“The symptomatology indicates that it is the atypical form of the disease, which appears spontaneously in nature, causing no risk of dissemination to the herd and to humans,” wrote the agency in a statement.
Reports indicate that the diagnosed animal was located on a property with 160 head of cattle. Samples have been sent for further testing to the World Organization for Animal Health lab in Alberta, Canada for further testing.
According to Reuters, the export suspension is part of an animal health pact agreed on between the countries, and will likely be a temporary measure.
Brazilian minister Carlos Favaro said, “All measures are being taken immediately at each stage of the investigation and the matter is being handled with total transparency to guarantee Brazilian and global consumers the recognized quality of our meat.”
This isn’t the first time that Brazilian exports have been shut down due to mad cow disease. In 2021, two cases of atypical mad cow disease occurred in the country — it took China three months to lift an export ban after those cases.
Cepea reports that China accounts for over 50 percent of the country’s beef exports, so the measure will undoubtedly come as a blow to Brazilian producers.
The United States also is a major importer of Brazilian beef. Although imports were banned in 2018 from the country, the measure was reversed in 2020, and exports have been climbing since. There has not yet been any information released on whether the BSE finding will affect U.S. imports.
What is mad cow disease?
First diagnosed in 1986 in Great Britain, mad cow disease (or BSE) is a chronic, degenerative transmissible spongiform encephalopathy (TSE) — meaning that it affects the brain and the nervous system. The disease is caused by an abnormal prion protein that comes in two forms — BSE (C-Type) and atypical BSE (L- or H-type).
While C-type BSE has been linked to a variant affecting humans (Creutzfeldt-Jakob disease), atypical BSE forms occur spontaneously at low levels in cattle populations. C-type BSE results from the ingestion of feed such as meat-and-bone meal that contains the abnormal prion.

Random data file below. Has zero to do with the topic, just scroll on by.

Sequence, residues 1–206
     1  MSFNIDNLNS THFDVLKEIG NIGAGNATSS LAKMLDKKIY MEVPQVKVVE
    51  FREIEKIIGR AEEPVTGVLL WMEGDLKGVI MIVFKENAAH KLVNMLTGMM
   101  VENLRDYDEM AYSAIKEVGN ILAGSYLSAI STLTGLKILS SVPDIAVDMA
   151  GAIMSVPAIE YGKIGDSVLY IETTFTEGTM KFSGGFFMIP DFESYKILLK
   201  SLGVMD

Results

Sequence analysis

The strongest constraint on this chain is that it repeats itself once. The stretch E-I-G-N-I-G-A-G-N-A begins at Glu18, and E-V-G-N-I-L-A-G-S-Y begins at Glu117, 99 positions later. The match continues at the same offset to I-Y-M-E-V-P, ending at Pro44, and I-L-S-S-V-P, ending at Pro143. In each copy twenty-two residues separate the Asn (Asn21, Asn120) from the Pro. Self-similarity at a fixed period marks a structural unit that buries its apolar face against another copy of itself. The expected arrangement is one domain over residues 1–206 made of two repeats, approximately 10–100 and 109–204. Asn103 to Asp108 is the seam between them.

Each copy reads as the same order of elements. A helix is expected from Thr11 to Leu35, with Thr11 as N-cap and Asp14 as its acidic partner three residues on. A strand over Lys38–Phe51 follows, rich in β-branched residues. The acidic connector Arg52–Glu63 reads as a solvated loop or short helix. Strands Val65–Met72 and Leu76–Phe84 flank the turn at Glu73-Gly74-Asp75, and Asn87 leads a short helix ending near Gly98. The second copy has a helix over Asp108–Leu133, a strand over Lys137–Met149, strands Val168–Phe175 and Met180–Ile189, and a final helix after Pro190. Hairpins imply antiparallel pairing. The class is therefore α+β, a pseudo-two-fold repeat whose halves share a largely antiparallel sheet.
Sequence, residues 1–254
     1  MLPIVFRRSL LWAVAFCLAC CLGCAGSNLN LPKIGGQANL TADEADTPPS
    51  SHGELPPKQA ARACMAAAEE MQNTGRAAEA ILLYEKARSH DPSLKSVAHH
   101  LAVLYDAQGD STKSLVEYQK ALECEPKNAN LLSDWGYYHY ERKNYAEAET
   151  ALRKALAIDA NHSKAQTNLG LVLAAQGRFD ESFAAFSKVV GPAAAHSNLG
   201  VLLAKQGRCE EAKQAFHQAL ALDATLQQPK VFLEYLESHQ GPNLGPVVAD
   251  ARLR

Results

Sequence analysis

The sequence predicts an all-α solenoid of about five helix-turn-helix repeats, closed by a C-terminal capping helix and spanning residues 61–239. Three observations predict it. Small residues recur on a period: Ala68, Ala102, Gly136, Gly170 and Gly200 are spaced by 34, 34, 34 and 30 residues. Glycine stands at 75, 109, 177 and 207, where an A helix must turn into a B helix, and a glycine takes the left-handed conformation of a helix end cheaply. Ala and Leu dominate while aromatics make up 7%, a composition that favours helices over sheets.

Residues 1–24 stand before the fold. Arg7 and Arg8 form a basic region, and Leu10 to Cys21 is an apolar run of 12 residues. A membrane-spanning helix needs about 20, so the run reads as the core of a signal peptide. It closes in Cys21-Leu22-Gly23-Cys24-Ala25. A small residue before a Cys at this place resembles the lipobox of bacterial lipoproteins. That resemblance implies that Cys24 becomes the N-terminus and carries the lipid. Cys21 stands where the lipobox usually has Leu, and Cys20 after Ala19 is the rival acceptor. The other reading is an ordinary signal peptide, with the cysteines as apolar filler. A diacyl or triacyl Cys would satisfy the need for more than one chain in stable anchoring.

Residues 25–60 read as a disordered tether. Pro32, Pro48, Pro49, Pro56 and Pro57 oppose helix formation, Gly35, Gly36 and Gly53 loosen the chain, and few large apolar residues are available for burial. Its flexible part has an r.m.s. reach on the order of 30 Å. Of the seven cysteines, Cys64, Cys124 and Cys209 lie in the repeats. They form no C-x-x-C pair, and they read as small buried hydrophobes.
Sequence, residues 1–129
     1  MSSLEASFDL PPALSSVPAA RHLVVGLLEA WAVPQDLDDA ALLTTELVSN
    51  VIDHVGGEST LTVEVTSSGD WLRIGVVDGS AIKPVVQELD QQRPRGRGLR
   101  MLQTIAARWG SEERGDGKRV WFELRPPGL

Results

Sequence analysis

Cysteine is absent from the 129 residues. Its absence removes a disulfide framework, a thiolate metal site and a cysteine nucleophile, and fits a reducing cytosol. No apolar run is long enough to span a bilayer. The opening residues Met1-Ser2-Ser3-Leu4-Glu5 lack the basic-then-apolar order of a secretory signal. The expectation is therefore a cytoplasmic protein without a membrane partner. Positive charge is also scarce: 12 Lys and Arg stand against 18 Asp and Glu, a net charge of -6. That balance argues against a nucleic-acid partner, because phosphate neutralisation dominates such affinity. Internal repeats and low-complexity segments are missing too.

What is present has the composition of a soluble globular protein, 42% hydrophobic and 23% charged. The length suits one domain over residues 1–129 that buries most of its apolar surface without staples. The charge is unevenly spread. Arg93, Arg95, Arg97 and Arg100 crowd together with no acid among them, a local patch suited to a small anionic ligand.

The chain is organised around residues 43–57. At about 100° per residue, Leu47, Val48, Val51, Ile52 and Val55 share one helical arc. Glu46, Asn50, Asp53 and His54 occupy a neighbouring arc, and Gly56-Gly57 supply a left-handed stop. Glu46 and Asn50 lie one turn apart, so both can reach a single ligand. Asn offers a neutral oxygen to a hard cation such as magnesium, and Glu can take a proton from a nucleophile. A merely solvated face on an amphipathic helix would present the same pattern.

According to the U.S. Department of Agriculture, affected animals will experience progressive nervous system degeneration, and may become nervous or aggressive, have abnormal posture, decreased milk product, and a loss of condition without noticeable declines in appetite. Eventually, the affected animals will die or be destroyed.
What is the threat to the U.S.?
Since 1986, over 185,000 cases of BSE have been reported worldwide. However, 95 percent of these occurred in the United Kingdom. The disease has also been confirmed in native-born cattle in a number of other countries including the U.S.
Five cases of mad cow disease have been reported in the U.S., but all were atypical varieties. The first was reported in 2003, in Washington by a cow imported from Canada, a second in 2003 in Texas, a third in 2006 in Alabama, a fourth in 2012 in California, and a fifth case in 2017 in Alabama. The USDA reports that U.S. beef exports dropped 80 percent after 2003.
In 2006, the BSE Ongoing Surveillance Program was implemented by APHIS. Reportedly, the U.S. has only detected one case of BSE per one million adult cattle.
In 1997, the Food and Drug Administration implemented regulations to prohibit feeding most mammalian proteins to ruminants. In 2008, brains and spinal cords from animals 30 months or older were prohibited from being included in any animal feed.